Wild Law

Planet Pod goes on safari at Knepp Estate and talks with Isabella Tree

Join us as we take a safari through the 3500 acres of wild Sussex countryside at Knepp Estate – one of the largest rewilding projects in lowland Europe. With our guide Tom Forward we encounter longhorn cattle, Tamworth pigs and even some airborne White Storks!  Isabella Tree who –  along with her husband Charlie Burrell – owns and runs Knepp, shares her passion and vision and tells us the story of their extraordinary journey over the last 18 years.

LINKS:
Knepp Estate and Knepp Safaris

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Isabella Tree writes for publications such as National Geographic, Granta, The Sunday Times and The Observer. Her articles have been selected for The Best American Travel Writing and Reader’s Digest Today’s Best Non-Fiction, and she was Overall Winner of the Travelex Travel Writer Awards. 

She published her first book The Bird Man – a Biography of John Gould when she was 25.

Her latest book Wilding – the Return of Nature to an English Farm charts the story of the pioneering rewilding project in West Sussex where she lives with her husband Charlie Burrell.  

 

‘The remarkable story of an astounding transformation’ George Monbiot, author of Feral.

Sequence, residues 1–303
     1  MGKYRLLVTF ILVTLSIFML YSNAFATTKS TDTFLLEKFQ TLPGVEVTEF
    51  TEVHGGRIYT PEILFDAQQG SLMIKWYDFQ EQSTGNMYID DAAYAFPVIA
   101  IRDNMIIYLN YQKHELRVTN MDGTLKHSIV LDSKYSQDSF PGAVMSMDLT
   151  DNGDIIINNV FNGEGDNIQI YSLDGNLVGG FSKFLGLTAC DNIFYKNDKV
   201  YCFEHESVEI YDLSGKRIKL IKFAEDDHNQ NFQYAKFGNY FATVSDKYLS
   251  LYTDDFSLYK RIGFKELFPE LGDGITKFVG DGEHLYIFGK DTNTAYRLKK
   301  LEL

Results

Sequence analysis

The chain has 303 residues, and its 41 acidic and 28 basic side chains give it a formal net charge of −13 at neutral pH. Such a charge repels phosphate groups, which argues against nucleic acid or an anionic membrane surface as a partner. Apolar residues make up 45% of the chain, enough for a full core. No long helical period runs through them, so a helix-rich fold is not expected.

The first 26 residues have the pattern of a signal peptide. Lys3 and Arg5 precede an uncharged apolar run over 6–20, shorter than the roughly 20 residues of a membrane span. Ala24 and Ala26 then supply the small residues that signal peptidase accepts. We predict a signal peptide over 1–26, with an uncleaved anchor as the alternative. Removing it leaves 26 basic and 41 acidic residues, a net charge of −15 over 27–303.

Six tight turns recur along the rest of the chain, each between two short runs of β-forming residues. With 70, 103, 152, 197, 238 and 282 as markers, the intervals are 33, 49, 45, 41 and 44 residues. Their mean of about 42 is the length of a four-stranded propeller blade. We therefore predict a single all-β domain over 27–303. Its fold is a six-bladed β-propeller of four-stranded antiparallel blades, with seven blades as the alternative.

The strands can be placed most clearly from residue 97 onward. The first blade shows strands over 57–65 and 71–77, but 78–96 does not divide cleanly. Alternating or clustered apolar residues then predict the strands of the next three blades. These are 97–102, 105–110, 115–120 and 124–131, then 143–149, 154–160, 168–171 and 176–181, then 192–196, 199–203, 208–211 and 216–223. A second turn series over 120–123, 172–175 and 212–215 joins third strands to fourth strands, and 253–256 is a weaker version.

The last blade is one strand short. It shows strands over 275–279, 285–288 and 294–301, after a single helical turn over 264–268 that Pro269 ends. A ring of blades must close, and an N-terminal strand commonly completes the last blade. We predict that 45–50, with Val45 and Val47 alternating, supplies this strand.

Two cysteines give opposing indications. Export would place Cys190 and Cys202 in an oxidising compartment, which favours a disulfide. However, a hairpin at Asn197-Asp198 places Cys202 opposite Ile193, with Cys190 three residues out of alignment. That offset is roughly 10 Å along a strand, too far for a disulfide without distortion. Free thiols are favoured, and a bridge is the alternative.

In Wilding, Isabella Tree tells the story of the ‘Knepp experiment’, a pioneering rewilding project in West Sussex, using free-roaming grazing animals to create new habitats for wildlife. Part gripping memoir, part fascinating account of the ecology of our countryside, Wilding is, above all, an inspiring story of hope.

Forced to accept that intensive farming on the heavy clay of their land at Knepp was economically unsustainable, Isabella Tree and her husband Charlie Burrell made a spectacular leap of faith: they decided to step back and let nature take over. Thanks to the introduction of free-roaming cattle, ponies, pigs and deer – proxies of the large animals that once roamed Britain – the 3,500 acre project has seen extraordinary increases in wildlife numbers and diversity in little over a decade.

Extremely rare species, including turtle doves, nightingales, peregrine falcons, lesser spotted woodpeckers and purple emperor butterflies, are now breeding at Knepp, and populations of other species are rocketing. The Burrells’ degraded agricultural land has become a functioning ecosystem again, heaving with life – all by itself.

Personal and inspirational, Wilding is an astonishing account of the beauty and strength of nature, when it is given as much freedom as possible.

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How wild is our law? Planet Pod in conversation with the UKELA special interest group on Wild Law

Join Planet Pod host Amanda for a wide ranging discussion with guests Shehana Gomez, Emma Bean, Natasha Bradshaw, Colin Robertson and Rónán Kennedy in which we explore the tricky and sometimes controversial topic of earth’s jurisprudence – do mountains and rivers have rights? We discuss the Universal Declaration of Mother Earth and how it applies here in the UK and we ask: Is the law doing enough to protect and safeguard our rivers, our foreshore and our wild places? If not, what can and should we do?